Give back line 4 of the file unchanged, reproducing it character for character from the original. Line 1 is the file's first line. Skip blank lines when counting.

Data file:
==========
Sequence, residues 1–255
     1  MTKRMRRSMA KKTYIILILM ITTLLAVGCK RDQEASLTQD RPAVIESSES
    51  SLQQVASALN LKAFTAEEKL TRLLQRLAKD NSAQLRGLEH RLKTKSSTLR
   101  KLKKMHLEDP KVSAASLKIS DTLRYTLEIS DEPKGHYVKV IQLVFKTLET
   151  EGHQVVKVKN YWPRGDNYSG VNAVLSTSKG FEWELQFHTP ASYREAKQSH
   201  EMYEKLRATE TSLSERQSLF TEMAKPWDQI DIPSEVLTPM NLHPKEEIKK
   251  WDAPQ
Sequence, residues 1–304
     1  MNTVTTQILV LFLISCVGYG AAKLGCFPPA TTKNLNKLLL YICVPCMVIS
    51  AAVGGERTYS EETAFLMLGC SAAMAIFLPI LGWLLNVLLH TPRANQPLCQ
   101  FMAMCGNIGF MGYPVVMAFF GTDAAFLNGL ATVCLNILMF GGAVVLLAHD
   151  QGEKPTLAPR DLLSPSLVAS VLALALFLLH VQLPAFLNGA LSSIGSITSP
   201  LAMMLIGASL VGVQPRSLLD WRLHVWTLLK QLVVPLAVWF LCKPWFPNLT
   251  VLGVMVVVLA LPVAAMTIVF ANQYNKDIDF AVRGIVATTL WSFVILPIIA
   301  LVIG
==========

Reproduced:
   101  KLKKMHLEDP KVSAASLKIS DTLRYTLEIS DEPKGHYVKV IQLVFKTLET